One way to draw students into the world of the classics is by appealing to an existing interest. Build a bridge between now, that time so important to them, and classic literature. As much as any group, writers stand on the shoulders of giants. Today’s bestsellers didn’t spring fully formed from the head of Barnes & Noble: they owe a debt to a long tradition. Start with interest – perhaps modern books your students find engaging, or current events that interest them – and work your way backwards.

For example, many young people enjoy Tolkien’s Lord of the Rings series. The novels are valuable reading on their own for Tolkien’s masterful use of language, and for the interesting questions they raise, and they are considered classics. But you can also use Rings to teach your students a little aboout Icelandic Saga. The rhythms and themes of Lord of the Rings derive from the Sagas, prose histories written in the 11th and 12th centuries about the people who had explored and settled Iceland, Greenland and Vinland. The Sagas are an important part of Western literature, influencing our culture right down to the present. Hearing that people in Iceland wrote some stories 900 years ago probably won’t strike your student as terribly relevant, but if you start with The Hobbit, and then add in the information about the Sagas and why they matter to Middle Earth – well, then you have their attention.

Before Tolkien: 11th century Icelandic Saga

A viking era book containing Norse sagas.
A viking era book containing Norse sagas. | Source

Give them more information

Another way to capture interest is intriguing information about the world of the novel. For example, a little instruction about the Depression Era South raises the stakes and the tension level for students reading To Kill a Mockingbird. A brief lesson about the realities of the Jim Crow Laws brings a multitude of details from the novel into focus, things students might simply pass over without this context. And the simple fact that during the decades between the Civil War and the Civil Rights Act, 4,742 Black people died by lynching in the American South ratchets the tension of the nighttime scene in front of the jail from quiet to explosive.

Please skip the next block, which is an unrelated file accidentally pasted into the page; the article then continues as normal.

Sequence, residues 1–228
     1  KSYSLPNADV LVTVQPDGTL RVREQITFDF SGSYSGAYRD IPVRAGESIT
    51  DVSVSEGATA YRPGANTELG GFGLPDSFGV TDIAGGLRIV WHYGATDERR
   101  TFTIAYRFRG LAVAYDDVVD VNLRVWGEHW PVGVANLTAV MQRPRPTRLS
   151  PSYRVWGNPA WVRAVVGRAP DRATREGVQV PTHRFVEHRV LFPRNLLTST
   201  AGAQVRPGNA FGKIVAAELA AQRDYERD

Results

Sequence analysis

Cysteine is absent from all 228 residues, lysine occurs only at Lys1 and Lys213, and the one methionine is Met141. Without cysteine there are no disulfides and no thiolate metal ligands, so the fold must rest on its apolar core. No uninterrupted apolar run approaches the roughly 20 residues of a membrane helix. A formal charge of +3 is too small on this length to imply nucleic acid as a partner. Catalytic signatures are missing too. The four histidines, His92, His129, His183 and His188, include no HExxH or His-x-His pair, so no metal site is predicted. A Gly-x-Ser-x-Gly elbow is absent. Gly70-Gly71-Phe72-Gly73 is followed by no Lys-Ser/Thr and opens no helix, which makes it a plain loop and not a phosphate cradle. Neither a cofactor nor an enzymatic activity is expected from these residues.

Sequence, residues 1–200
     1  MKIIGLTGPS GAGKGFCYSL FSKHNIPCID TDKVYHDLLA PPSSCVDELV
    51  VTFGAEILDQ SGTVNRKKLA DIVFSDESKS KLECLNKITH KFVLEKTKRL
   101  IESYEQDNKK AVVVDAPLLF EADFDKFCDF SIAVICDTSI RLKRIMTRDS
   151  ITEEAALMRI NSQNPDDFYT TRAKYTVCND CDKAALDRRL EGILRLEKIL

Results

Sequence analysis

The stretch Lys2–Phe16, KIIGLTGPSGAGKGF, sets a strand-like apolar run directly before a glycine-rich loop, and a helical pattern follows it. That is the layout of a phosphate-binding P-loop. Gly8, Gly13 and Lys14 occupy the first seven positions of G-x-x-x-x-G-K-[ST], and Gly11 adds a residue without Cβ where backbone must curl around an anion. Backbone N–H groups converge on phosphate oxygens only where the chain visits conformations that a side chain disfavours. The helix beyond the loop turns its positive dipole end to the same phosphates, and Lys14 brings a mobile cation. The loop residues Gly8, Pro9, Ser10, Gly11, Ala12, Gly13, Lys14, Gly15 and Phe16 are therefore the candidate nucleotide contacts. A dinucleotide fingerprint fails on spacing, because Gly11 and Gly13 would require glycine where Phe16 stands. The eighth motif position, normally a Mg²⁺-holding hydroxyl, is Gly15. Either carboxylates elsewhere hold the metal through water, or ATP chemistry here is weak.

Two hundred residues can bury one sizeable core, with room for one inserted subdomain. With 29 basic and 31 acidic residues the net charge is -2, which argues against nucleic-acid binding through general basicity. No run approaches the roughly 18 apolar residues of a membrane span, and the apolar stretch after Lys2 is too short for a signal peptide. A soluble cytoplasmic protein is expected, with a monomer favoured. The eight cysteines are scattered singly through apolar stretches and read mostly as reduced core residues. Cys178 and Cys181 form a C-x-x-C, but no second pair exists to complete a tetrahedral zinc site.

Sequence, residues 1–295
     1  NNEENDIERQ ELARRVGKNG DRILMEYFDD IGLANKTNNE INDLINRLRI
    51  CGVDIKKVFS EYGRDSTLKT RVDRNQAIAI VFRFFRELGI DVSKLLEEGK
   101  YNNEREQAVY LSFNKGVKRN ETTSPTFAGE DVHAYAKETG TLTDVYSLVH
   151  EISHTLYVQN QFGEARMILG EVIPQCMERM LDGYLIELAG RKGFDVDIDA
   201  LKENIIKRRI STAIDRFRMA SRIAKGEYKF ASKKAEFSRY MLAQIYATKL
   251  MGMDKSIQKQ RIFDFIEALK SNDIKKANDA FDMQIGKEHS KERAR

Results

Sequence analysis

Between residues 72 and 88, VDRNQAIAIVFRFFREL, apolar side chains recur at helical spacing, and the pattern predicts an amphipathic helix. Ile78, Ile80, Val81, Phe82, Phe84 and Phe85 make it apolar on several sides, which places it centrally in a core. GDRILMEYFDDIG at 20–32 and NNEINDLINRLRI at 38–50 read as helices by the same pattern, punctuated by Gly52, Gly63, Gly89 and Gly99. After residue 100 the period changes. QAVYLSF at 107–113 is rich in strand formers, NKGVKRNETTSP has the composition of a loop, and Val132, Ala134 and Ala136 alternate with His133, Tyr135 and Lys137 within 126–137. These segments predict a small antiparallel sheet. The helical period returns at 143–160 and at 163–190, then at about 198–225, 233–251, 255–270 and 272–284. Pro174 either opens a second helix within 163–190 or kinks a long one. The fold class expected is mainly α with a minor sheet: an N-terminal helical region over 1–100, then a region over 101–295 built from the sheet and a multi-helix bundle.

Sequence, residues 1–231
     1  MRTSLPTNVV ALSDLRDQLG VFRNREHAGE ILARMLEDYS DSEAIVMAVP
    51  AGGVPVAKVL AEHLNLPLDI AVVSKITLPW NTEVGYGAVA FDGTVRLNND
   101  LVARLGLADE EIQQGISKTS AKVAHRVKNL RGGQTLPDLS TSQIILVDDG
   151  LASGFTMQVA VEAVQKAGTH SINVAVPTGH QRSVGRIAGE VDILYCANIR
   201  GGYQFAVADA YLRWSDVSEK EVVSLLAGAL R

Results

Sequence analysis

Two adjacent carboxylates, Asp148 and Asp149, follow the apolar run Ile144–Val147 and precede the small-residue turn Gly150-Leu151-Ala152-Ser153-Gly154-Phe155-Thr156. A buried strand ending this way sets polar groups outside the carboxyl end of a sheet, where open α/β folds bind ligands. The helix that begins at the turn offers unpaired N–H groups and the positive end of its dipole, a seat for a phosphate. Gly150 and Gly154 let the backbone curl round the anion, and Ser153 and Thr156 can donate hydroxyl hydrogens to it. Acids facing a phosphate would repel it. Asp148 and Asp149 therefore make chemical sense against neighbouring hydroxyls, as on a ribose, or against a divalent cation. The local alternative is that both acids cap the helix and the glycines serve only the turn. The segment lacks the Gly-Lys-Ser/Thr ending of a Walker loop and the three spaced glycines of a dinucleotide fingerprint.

On a lighter note, Aunt Alexandra of To Kill a Mockingbird has a famously sour temper which gets even worse on Sundays - a result of wearing a corset to church. So treat your students to a little historical tour through the inanities of corset culture. Poor Aunt Alexandra's snipping and sniping will suddenly make alot more sense.

"18 inch waist, I'm almost there!"


Rock the classics!

Remember that students will get so much more out of classics with your support. Help with some of the unfamiliar vocabulary. Toss in some intriquing historical tidbits. Round things out by anchoring this particular classic in the world of literature by mentioning things like author, time period and genre. Introduce them to the world of classics - you will be glad you did!

Classics I Recommend for Different Grade Levels

Middle School
Early High School
Late High School
The Hobbit
The Count of Monte Cristo
The Grapes of Wrath
A Wrinkle in Time
The Great Gatsby
Homer's Odyssey
The Good Earth
To Kill a Mockingbird
Pride and Prejudice
Tales of Edgar Allen Poe
Lord of the Flies
Chronicles of Narnia
Romeo and Juliet
The Giver
David Copperfield


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    • LCDWriter profile image

      L C David 4 years ago from Florida

      This is a great and comprehensive list. I was just discussing classics and what high school homeschooling kids should read last week with some fellow homeschooling families. Voted up and useful.